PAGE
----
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There are two possible reasons that you are not enjoying sex like you used to.
If you have become depressed, then your enjoyment of sex, and probably other activities, will diminish greatly.
Secondly, you may have lost our interest in your sex partner and therefore your interest in the sex act has gone away. There is no need trying to act like you love it when you don't.
If it feels more like an obligation than something you love to do, then stop doing it and end your romance with this partner. Becoming just friends probably will not work. What you need is a partner that turns you on.
I wish you great success in finding your pleasure response again.
If you are depressed then talk with a counselor. If it is just the relationship, then end it. Having a lover should be fun.
I shall keep you in my prayers.
past year or so i have noticed a change in my energy levels and my enjoyment in a lot of things. Being depressed has crossed my mind because of the recent events that have gone on in the past year or so. But its one thing to think your depressed than actually being it. Its just very hard and stressful that my boyfriend does not realize that.
everything seems to lead to the conversation of sex. or how im not like i used to be, and how he wished i would still do this and that. It only makes me even more upset and sad when he say these things.
May you please be a little more detailed. I think anyone could have told me the last answer at least, because i am very into my lover and everything about him.
Major Depressive Episode
DSM IV Criteria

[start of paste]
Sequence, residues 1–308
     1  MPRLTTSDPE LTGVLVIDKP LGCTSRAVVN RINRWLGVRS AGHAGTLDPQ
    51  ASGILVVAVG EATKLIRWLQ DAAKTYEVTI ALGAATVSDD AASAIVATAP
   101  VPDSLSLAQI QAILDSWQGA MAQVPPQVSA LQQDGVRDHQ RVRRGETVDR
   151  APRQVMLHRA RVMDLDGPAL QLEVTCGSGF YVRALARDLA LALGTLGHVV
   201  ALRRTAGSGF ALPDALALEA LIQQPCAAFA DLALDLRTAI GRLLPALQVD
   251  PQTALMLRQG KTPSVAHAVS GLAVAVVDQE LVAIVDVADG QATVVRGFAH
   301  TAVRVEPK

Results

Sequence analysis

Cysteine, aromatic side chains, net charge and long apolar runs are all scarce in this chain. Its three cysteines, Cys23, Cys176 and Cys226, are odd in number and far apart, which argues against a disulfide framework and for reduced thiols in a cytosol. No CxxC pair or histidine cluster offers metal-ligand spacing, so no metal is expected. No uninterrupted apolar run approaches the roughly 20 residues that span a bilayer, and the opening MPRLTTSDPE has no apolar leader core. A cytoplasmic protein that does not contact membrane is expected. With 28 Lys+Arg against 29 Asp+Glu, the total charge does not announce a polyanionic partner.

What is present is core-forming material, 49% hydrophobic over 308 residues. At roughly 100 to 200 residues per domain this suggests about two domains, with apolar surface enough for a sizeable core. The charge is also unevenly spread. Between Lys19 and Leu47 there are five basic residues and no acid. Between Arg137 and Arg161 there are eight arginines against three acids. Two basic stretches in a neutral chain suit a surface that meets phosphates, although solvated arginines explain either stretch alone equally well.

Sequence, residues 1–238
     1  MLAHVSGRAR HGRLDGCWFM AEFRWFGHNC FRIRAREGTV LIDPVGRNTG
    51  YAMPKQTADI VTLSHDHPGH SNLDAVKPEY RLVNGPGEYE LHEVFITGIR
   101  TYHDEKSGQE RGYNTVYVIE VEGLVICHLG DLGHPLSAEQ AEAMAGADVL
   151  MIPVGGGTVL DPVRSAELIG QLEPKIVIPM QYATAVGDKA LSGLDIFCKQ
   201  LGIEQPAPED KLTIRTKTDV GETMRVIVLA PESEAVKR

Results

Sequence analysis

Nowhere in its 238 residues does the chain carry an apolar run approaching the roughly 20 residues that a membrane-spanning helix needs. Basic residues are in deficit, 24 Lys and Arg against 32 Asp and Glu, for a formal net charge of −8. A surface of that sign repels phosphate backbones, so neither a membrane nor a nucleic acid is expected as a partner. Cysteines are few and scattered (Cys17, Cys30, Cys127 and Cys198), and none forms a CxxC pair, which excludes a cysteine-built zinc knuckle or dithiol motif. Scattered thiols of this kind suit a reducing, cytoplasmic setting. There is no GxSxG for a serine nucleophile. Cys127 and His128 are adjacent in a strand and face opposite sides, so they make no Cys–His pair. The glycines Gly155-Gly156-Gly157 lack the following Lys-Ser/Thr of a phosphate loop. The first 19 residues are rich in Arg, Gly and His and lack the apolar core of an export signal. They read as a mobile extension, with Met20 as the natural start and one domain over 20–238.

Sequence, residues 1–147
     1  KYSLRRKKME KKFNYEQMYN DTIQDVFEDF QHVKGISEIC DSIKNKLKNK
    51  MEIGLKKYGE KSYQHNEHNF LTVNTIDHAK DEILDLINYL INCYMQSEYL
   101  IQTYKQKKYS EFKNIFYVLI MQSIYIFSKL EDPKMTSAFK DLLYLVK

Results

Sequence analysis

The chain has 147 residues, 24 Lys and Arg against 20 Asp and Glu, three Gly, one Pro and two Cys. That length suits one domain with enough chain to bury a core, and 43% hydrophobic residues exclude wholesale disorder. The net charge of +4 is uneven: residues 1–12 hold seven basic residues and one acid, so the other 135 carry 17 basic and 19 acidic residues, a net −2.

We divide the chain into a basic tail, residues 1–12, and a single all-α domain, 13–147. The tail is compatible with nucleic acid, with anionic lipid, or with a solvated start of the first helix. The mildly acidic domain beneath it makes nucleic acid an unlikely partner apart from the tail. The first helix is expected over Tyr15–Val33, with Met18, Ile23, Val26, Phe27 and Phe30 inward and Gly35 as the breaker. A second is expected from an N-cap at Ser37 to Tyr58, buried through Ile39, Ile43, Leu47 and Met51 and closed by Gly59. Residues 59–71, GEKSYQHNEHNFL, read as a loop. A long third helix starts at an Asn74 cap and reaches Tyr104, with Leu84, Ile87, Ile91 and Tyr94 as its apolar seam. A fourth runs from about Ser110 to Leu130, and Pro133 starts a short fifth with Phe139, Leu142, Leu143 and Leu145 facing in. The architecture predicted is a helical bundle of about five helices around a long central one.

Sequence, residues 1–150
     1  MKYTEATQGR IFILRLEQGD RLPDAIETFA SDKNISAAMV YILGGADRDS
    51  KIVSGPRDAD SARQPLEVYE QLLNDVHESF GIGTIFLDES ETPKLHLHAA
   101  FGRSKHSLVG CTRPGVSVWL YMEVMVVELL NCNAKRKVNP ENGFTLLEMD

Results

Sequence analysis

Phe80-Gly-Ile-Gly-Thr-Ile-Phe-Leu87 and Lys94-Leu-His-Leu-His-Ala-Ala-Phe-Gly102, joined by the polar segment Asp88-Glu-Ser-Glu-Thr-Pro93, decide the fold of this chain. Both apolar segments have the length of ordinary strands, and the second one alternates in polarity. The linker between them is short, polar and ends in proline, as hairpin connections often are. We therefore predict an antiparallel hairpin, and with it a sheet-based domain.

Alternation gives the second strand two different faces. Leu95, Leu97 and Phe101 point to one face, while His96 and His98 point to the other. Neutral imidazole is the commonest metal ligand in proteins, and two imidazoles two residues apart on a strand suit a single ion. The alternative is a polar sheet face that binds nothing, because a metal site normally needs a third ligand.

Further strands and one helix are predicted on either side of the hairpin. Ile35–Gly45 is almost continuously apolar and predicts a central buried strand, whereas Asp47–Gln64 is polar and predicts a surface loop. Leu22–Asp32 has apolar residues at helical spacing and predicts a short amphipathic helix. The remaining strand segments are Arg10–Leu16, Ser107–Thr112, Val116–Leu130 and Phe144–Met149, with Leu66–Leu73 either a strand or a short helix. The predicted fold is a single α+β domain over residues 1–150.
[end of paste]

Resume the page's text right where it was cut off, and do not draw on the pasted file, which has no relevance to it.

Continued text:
A) Five (or more) of the following symptoms have been present during the same 2-week period and represent a change from previous functioning; at least one of the symptoms is either (1) depressed mood or (2) loss of interest or pleasure Note: Do not include symptoms that are clearly due to a general medical condition, or mood-incongruent delusions or hallucinations 1) depressed mood most of the day, nearly every day, as indicated by either subjective report (e.g., feels sad or empty) or observation made by others (e.g., appears tearful). Note: In children and adolescents, can be irritable mood. 2) markedly diminished interest or pleasure in all, or almost all, activities most of the day, nearly every day (as indicated by either subjective account or observation made by others) 3) significant weight loss when not dieting or weight gain (e.g., a change of more than 5% of body weight in a month), or decrease or increase in appetite nearly every day. Note: In children, consider failure to make expected weight gains. 4) insomnia or hypersomnia nearly every day 5) psychomotor agitation or retardation nearly every day (observable by others, not merely subjective feelings of restlessness or being slowed down) 6) fatigue or loss of energy nearly every day 7) feelings of worthlessness or excessive or inappropriate guilt (which may be delusional) nearly every day (not merely self-reproach or guilt about being sick) 8) diminished ability to think or concentrate, or indecisiveness, nearly every day (either by subjective account or as observed by others) 9) recurrent thoughts of death (not just fear of dying), recurrent suicidal ideation without a specific plan, or a suicide attempt or a specific plan for committing suicide B) The symptoms do not meet criteria for a Mixed Episode C) The symptoms cause clinically significant distress or impairment in social, occupational, or other important areas of functioning. D) The symptoms are not due to the direct physiological effects of a substance (e.g., a drug of abuse, a medication) or a general medical condition (e.g., hypothyroidism) E) The symptoms are not better accounted for by Bereavement, i.e., after the loss of a loved one, the symptoms persist for longer than 2 months or are characterized by marked functional impairment, morbid preoccupation with worthlessness, suicidal ideation, psychotic symptoms, or psychomotor retardation.